The good news from north Minneapolis

Kenzie O'Keefe (front row, right) walked away from a marketing job to team up with Samuel Wilbur (front, left) teaching journalism in north Minneapolis.

Kenzie O'Keefe (front row, right) walked away from a marketing job to team up with Samuel Wilbur (front, left) teaching journalism in north Minneapolis.

Kenzie O’Keefe is lucky. This she knows.

She attended St. Paul Academy, a prestigious private school with a long list of distinguished alumnae and a hefty tuition price. After graduating in 2008, she was off to Loyola Marymount University in Los Angeles, an equally lauded institution with triple the price tag.

All that effort, time, and money was paying off by 2013, when O’Keefe landed a great job with a marketing consulting firm in Boulder, Colorado. It was the sort of place where teams of shrewd, well-educated people figure out how to influence consumer decisions.

The questions they tackled were broken out into demographics: Why does a Hispanic mother buy this burger instead of that one? Will upper-middle-class kids drink Pepsi?

Fortune 500 companies begged for their findings. Keep up with a job like that, and soon you’ll be raking in six figures, maybe starting your own firm.

The people there were “lovely,” O’Keefe says. And she hated it.

“It was not something I wanted to make my life’s work. I didn’t feel good about it. I decided I wanted my allegiance not to be to one particular company’s agenda, but to truth-telling.”

This noble call led O’Keefe back to the state of her birth and a job with Pillsbury United Communities. O’Keefe, 26, was hired as editor and publisher of North News, a monthly paper she puts together almost alone. Last month, she announced she’d stop putting “By Kenzie O’Keefe” on stories because it was getting redundant.

She does have some help: the eight students in a newspaper class at Minneapolis North High, a five-days-a-week course that most of her students picked because they needed another elective and this one fit their schedules.

O’Keefe and Samuel Wilbur, her co-teacher, might’ve lost the class from the outset if not for Daija Triplett, a 16-year-old junior who interned for O’Keefe over the summer. Sensing other kids were “bored,” Triplett raved about the stories she’d worked on, talking to people about minimum wage and grilling Minneapolis Public Schools Superintendent Ed Graff.

“I talked about our community, and stuff we can change,” Triplett says. “That we can talk about stuff that’s actually going on. It kind of clicked. Now some stories I see some of them are doing, I feel like they’re better than mine.”

Not that it’s easy. At 9:40 a.m. last Tuesday, O’Keefe welcomed sleepy-eyed teens to an overheated room and set about trying to drag their story assignments over the finish line by the Friday deadline. As O’Keefe and Wilbur worked with two boys, the other six kids pulled out their phones in unison.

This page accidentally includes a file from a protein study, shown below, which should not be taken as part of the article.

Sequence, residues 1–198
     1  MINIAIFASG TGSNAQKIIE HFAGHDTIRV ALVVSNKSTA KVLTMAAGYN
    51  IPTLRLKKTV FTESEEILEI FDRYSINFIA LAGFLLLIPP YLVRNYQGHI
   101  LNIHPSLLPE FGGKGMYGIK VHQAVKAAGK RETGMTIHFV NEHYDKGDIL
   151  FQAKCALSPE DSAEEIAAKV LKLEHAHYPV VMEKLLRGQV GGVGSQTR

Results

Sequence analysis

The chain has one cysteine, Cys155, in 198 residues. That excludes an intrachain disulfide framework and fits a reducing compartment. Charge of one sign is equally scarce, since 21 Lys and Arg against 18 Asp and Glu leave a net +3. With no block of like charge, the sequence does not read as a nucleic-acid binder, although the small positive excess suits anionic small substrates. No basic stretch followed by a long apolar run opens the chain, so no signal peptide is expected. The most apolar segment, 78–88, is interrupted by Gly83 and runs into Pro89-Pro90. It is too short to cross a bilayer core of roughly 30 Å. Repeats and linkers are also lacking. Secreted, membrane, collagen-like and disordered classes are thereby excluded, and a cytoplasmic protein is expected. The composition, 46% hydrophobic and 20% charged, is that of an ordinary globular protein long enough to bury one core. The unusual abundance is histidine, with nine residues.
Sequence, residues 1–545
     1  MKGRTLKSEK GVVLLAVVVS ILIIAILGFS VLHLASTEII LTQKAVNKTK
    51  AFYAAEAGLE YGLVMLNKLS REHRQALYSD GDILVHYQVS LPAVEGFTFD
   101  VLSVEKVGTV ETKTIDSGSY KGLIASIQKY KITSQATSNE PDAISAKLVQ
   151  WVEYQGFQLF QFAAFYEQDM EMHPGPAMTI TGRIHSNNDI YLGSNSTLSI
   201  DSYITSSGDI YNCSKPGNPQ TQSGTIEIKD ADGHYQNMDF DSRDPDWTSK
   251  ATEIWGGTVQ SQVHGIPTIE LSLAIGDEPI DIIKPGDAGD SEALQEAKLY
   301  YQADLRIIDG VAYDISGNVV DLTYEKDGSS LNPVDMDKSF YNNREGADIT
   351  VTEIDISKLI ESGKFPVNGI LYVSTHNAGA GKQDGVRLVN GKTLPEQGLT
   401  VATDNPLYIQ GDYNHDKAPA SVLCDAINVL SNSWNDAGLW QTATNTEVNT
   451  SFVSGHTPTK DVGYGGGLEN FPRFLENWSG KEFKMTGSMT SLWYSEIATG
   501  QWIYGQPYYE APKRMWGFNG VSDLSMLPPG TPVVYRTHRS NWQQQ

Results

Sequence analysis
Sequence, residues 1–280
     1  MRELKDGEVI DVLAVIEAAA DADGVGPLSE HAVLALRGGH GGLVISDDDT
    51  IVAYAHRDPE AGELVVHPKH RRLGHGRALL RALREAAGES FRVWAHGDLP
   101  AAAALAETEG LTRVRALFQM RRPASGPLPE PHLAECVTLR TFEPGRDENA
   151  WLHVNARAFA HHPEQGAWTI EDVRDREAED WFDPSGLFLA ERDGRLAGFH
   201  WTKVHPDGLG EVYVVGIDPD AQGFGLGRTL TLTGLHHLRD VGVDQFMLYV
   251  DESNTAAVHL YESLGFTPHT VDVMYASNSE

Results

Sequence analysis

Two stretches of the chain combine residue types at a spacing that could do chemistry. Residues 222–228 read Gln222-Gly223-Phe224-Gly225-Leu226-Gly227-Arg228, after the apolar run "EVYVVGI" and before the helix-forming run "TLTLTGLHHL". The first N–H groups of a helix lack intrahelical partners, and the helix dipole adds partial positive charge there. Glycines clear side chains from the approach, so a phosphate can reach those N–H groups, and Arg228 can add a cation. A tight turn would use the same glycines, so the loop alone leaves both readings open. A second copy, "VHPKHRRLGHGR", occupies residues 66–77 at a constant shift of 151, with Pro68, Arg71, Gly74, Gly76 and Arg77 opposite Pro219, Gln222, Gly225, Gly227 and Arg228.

The boy O’Keefe was working with seemed disinterested: head down, headphones in, a quick request to go to the bathroom, which O’Keefe treated with knowing suspicion. She wanted him to work on a paragraph. With unshaking patience, she urged him to read aloud, stopping after each line to give positive feedback.

The next day, she called that same boy to the front of the class, where he stood — hands gripping the edges of a desk, leaning away from his laptop as if it might snap shut like a mousetrap — and read that same paragraph to the class. O’Keefe stood off to the side, beaming, her slender jawline hidden by the grin of the cat that ate the canary.

Wilbur, a 30-year-old who looks like he just fell off Bon Iver’s tour bus, observes that the kids at North have a great sense for the vital elements of a dramatic narrative. They’re living it.

“They’ve all experienced conflict to greater degrees than people in other schools or neighborhoods,” Wilbur says.

The neighborhood’s still new to O’Keefe, who doesn’t remember ever visiting this part of town during her childhood. When a lot of people think of the “news” from North, they think sirens, handcuffs, a zipped-up body bag.

She thinks of Jovonta Patton, “literally one of the best gospel singers in the world,” or Houston White’s thriving “Black Excellence” apparel line, or the West Broadway Business and Area Coalition, a tiny collective reviving their little corner of the world.

“The North Side is only going to be strong if all of us care,” she says.

Triplett, who joined her teacher the other night to cover the one-year anniversary of Jamar Clark’s death, says telling stories can help correct the perception of North as a “ghetto.” To her, it’s home, a neighborhood like any other, where her mom gets up every day to drive to work as a supervisor for Target corporate.

Triplett wants to go into something related to criminal justice. And now, maybe journalism.

“If there’s a person willing to help or make it better,” Triplett says, “it’s always a good time for change.”

There is such a person racing around the neighborhood’s streets to meet people, brightening the hallways of its school, and trying to help tell its story.

Most of O’Keefe’s classmates from St. Paul Academy are miles and miles away now, making big money — the kind she turned down to come churn out a community newspaper, sometimes with the help of eight teenagers. It’s a lot of hard work.

She feels lucky.

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